It's one thing getting into managed services, but getting out again is quite another.
Telecoms network operators make themselves "vulnerable" if they don't establish an exit plan with their managed services supplier, warned Mike Conradi, partner at law firm DLA Piper, at the Network Management Show in London on Tuesday.
When setting out the terms of a managed services contract, "start already thinking about the exit," Conradi advised. "[Do it] during the first few months," of the contract, he said, whether you are establishing a brand new managed services set-up or transitioning from one supplier to another.
One way to ensure this happens is to put incentives into the contract so the supplier gets paid for producing an exit plan, he suggested.
This ensures that when the time comes to issue the next RFP, the incumbent supplier will be required to disclose important information to the other bidders, such as details about staff, and provide access to premises and manuals. If that requirement is not in the contract, the incumbent will be very reluctant – understandably - to give that type of assistance to rivals, Conradi said.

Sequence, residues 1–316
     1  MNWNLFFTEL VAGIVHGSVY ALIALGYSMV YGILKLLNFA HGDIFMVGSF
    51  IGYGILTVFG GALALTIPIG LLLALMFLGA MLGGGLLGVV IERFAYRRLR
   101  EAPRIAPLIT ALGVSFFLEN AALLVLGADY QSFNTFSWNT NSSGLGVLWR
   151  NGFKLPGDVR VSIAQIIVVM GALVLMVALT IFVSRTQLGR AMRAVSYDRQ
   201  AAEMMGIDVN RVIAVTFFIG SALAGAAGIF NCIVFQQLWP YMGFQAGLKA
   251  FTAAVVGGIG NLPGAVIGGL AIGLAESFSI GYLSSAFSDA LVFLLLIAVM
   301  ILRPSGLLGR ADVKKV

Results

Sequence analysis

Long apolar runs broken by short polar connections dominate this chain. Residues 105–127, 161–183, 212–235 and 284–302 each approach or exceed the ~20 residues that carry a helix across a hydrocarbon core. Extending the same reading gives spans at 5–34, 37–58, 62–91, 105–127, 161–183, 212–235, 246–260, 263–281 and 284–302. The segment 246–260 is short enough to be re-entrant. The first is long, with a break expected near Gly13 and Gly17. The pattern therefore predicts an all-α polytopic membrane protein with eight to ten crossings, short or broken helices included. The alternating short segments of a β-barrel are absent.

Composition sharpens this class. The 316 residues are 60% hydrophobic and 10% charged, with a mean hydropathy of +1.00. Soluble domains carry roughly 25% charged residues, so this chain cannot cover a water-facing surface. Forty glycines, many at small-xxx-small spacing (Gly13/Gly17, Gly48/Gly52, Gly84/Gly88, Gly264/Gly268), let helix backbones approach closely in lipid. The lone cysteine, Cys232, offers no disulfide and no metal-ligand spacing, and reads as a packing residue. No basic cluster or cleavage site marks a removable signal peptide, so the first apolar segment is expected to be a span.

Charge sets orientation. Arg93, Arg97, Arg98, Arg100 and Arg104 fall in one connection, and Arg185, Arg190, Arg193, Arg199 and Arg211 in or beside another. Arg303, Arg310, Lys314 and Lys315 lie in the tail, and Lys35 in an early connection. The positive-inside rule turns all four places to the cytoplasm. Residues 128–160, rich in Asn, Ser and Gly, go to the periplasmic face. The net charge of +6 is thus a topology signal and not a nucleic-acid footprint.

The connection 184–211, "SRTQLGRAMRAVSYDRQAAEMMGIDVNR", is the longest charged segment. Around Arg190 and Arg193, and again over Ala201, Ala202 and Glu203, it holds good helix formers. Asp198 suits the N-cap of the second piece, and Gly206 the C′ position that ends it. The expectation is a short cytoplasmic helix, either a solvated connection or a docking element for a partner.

In addition, "have a very long handover period," from one supplier to the next, he said. "A year, 18 months, even two years."
Switching managed services suppliers is no easy task.
"You need to think about the involvement of the incumbent," Conradi said.
"Do as much as you can to create a level playing field," for the incumbent provider and the rival bidders, otherwise the new vendors pitching for the contract will not take it seriously, he said.
Once a telco has selected a new supplier, it is crucial to make sure that supplier stands by the promises it made during the RFP process, Conradi pointed out.
"Write it in the contract," he advised. That way, "you'll be able to hold their feet to the fire if necessary."